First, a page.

The Vegetarian Mother’s Cookbook by Cathe Olson
The Vegetarian Mother’s Cookbook: Whole Foods to Nourish Pregnant and Breastfeeding Women—and Their Families* by Cathe Olson is a friendly, useful resource that delivers just what it promises in its subtitle. It offers a wealth of information and options for healthy eating, while never sounding judgemental or preachy. The recipes here are geared toward the pregnant and lactating mother, but honestly, this big collection of straightforward, tasty recipes is a perfect all-purpose cookbook for any busy family with vegetarian or vegan members.
In the book’s introduction, Cathe writes, “During pregnancy, it is often difficult to stand for long periods of time to prepare complicated menus, especially if you have other children to care for.” The truth is that, with family life being so busy, few of us have time to prepare complicated menus, even when our kids get older, so these recipes, which focus on good ingredients in dishes that come together in very few steps, is just as useful to busy families with growing kids and teens.
All the recipes I’ve tried have been successful. Obvioiusly the author thought these through well and tested them thoroughly. Roasted Root Vegetable Salad employs a technique I enjoy very much—roasting veggies to bring out a mellow sweetness—and then dresses up the result with olive oil, balsamic vinegar and pine nuts for a delicious warm salad.
Bean and Rice Salad with Citrus Dressing combines a somewhat Southwestern slew of ingredients (brown rice, black beans, corn, cilantro, etc.) with a citrusy Asian-flavored dressing. The combination is surprisingly compatible, and makes for a hearty main dish salad that is also excellent for the next day’s lunch. Tofu Enchiladas possibly takes a few more steps to accomplish than many of the other recipes, but it is not at all difficult. This dish of tofu and vegetables encased in tortillas and topped with a tangy enchilada sauce is luscious.
Pasta with Vegetables and Pine Nuts is just the kind of easy, bursting-with-vegggies pasta dish I love to make on busy weeknights, and was quite a hit with my broccoli- and cauliflower-loving family. Likewise, my sons have never met a tofu dish they didn’t like, so I was practically assured that Tofu and Udon Noodles with Sesame-Peanut Dressing (another of Cathe’s great main dish salads) would be a hit. This flavorful dish would be a perfect entrée for a warm summer night.
Other dishes I’ve bookmarked include Tortilla Soup, Seitan “Chicken” and Cashews, Zucchini-Avocado Salsa, Tempeh, Apple, Potato, and Kraut Casserole, and Granola Bars. I’m sure to be using this book regularly, as it is compatible with my own cooking philosophy—using just the right amount of high-quality ingredients for maximum effect. The recipes are unpretentious and look practically goof-proof. Most of the recipes are suitable for a vegan diet, or provide substitutions to make them so. The book’s layout makes the recipes easy to read and follow, something I always look for in a cookbook.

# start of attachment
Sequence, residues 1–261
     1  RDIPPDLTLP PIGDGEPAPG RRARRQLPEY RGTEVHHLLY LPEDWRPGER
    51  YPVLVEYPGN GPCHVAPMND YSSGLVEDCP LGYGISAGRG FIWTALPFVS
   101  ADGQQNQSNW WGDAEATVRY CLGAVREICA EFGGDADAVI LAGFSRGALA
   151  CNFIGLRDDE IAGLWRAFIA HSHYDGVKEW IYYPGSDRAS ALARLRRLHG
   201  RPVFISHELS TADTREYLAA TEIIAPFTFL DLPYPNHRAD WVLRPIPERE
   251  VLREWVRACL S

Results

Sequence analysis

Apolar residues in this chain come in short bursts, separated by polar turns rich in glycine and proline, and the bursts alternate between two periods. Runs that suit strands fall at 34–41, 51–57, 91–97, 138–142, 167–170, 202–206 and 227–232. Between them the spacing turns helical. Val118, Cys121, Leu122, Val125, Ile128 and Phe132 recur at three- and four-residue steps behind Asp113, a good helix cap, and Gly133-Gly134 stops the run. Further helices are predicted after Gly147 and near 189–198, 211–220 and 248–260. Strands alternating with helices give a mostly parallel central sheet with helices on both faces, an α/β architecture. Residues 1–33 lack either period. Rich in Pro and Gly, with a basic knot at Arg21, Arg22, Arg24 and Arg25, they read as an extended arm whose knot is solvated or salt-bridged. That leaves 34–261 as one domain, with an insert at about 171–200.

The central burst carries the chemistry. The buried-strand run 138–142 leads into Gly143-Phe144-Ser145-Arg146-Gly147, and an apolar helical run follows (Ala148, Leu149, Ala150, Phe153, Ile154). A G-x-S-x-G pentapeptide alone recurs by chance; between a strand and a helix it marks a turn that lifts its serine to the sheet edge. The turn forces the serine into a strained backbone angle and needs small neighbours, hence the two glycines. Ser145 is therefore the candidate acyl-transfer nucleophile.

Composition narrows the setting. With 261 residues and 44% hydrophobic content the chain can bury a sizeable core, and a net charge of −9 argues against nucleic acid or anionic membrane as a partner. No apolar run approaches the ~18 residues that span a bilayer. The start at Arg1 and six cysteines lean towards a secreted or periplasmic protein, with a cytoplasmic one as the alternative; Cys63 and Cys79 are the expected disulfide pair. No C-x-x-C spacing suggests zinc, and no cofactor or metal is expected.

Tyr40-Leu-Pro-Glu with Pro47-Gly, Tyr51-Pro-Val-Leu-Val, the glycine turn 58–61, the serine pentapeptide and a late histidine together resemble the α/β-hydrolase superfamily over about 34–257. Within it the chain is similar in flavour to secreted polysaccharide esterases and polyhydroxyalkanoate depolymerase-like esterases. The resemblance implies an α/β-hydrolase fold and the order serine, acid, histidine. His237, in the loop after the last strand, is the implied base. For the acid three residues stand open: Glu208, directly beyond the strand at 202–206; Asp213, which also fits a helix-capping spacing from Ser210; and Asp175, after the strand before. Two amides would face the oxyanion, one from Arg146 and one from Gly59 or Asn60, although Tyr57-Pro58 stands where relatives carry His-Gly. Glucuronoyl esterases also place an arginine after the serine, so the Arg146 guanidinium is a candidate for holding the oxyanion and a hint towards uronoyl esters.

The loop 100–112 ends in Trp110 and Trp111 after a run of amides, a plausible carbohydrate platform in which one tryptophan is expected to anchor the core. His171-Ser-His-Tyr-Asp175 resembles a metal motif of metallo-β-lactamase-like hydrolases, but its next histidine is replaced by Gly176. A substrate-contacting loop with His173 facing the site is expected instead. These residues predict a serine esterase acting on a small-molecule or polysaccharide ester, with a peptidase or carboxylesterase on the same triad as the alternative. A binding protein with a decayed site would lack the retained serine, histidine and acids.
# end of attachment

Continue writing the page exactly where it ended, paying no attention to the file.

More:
So, even though this book has proven to be a fun and delightful resource for my vegan family, let’s get back to why it’s perfect for its intended audience—pregnant and lactating mothers. Each recipe not only offers nutritional information (the usual data, including calories, protein, fat, fiber, and carbs), but also the key nutrients of the dish. Folate, for instance, is an important nutrient for pregnancy, and here, you can see which dish may be a good source. Some dishes are great sources for the B vitamins; others are calcium-rich; others provide iron; most dishes here offer at least several key nutrients. One of our favorites, Tofu Enchiladas, for example, looks like a goldmine of nutritional goodness.
The first thirty or so pages of The Vegetarian Mother’s Cookbook* offers a quick guide to nutrition for the pregnant and lactating mother, plus a host of useful and interesting tips. There are sample menus; a whole foods shopping list; a description of key nutrients and “super mommy foods;” foods to boost mood and quell morning sickness, and much more.
I sure wish this book had been available during my own pregnancies, which were trouble-free, but during which I wish I had more guidance. At the time, I was vegetarian, not vegan, and basically followed my cravings. There were few good books on the subject and the only really well known one on eating during pregnancy was the really bossy one (which shall remain unnamed!). I’m glad to have the chance to use this book even though my “babies” are taller than me now. This book, along with Cathe’s Simply Natural Baby Food, would make a perfect gift set for any pregnant or new mother.
To find out more about Cathe Olson and her books, visit Simply Natural Books.
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